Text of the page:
07/21/2016 02:17 EDT | Updated 07/21/2016 02:59 EDT

Where Is The Accountability For Ottawa's Communications Spies?

cse ottawa

A security camera is seen outside the Communications Security Establishment (CSE) headquarters. Canada's electronic spy agency has been intercepting and analyzing data on up to 15 million file downloads a day. (Photo: REUTERS/Chris Wattie)

The Communications Security Establishment (CSE) Commissioner report has been just released. For those who don't know what the CSE is, it is the agency related to the Department of National Defence that spies on communications received from abroad.

In their own words, their work focuses on "collecting foreign signals intelligence in support of the Government of Canada's priorities, and on helping protect the computer networks and information of greatest importance to Canada." It is important to emphasize that CSE is not supposed to spy on communication of Canadians in Canada or abroad.

In that regard, the commissioner's mandate is mainly to review CSE activities and their compliance with the law, and in the case of complaints, to undertake investigation. However, the commissioner report, which is supposed to be an independent exercise conducted by a review body, seems more and more like a self-congratulatory document where criticism directed at the CSE or its activities is hard to find. The situation can be compared to a professor rating her own students in a national competition. Of course, she would like them to pass, and of course she would be lenient in marking. Rather, in such circumstances we need a professor from a different school, and the students' names should be hidden.

In previous years, two main problems became clear to the public in regard to CSE activities:

  1. The stipulations protecting the privacy of Canadians are not always respected, as CSE was reminded by Privacy Commissioner Daniel Therrien.
  2. The lack of safeguards when it comes to information sharing with other agencies -- the Canada Security Intelligence Agency (CSIS), for example.

Indeed, in defence of the CSE's activities, Minister of National Defence Harjit Sajjan recently minimized the amount of information revealed through metadata, usually collected by CSE during its operations. Metadata, or data on data, shouldn't be of a privacy concern for Canadians, according to minister Sajjan.

But the reality is that through the records of Internet and phone communications, even without revealing the identity of the user, much information can still be inferred and shared with other foreign agencies. There exists today a whole range of science fields and theories that can extract patterns about people behaviours without knowing their identities.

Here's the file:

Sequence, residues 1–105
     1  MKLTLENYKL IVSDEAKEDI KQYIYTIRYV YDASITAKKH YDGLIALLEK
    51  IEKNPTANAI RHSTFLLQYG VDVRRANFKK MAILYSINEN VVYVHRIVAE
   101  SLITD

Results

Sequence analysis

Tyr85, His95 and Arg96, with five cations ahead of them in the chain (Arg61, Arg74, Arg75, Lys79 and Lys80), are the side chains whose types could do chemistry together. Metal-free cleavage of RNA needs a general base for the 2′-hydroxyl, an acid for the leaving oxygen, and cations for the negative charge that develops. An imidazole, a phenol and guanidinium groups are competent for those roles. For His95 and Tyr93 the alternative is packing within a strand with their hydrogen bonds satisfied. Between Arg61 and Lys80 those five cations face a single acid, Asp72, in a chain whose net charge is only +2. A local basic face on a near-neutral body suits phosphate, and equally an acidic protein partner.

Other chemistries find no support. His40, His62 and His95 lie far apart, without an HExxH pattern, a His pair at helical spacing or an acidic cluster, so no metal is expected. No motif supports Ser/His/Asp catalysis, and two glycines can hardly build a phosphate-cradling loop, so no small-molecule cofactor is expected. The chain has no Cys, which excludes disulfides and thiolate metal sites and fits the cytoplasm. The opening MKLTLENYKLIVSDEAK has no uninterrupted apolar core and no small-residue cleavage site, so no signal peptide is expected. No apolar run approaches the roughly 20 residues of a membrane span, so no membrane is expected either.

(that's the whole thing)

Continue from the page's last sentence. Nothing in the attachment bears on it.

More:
The report claims that the commissioner's office "is monitoring 14 active recommendations that CSE is working to address -- 10 outstanding recommendations from previous years and four from this year," and that the privacy issue about sharing foreign intelligence is also being looked into. Nevertheless, we can't know for sure how this is being done and if there is any proposed legislation to be submitted soon. The report doesn't tell us.

It seems from the report that, in general, the commission recommends that the minister should always be informed about controversial issues, but no specific mechanism is suggested to deal with the identified problems. The issue of transparency becomes a matter of blind trust in the hands of the minister of national defence.

Leaving it up to the minister in charge to decide what is acceptable and what is not, or what is lawful and what is not, is far from a democratic and accountable model. We need review mechanisms with the necessary autonomy, independence and structure to create true accountability.

For instance, the ambiguous relationship between CSE and CSIS, described in the report, can't be investigated by any review body. There are currently agencies to oversee respectively CSIS (SIRC) and the CSE (the office of the CSE commissioner), but there is no "super-SIRC" to oversees them both and launch investigations on both of them. The parliamentary oversight presented by the government in Bill C-22 isn't clear if this aspect will be included in its mandate.

As of yesterday, it was reported that CSE won't even reveal the number of times it shared information that could lead to someone being tortured in foreign prisons. The greater the risk of mistreatment (please note how the word "torture" isn't even used), the higher level of bureaucratic or political intervention is required.

Once again, it is up to the minister or a high-level bureaucrat to take that decision, and that risks him or her making a mistake in their assessment. If that happens, Canada will become collateral damage like it has in the past.

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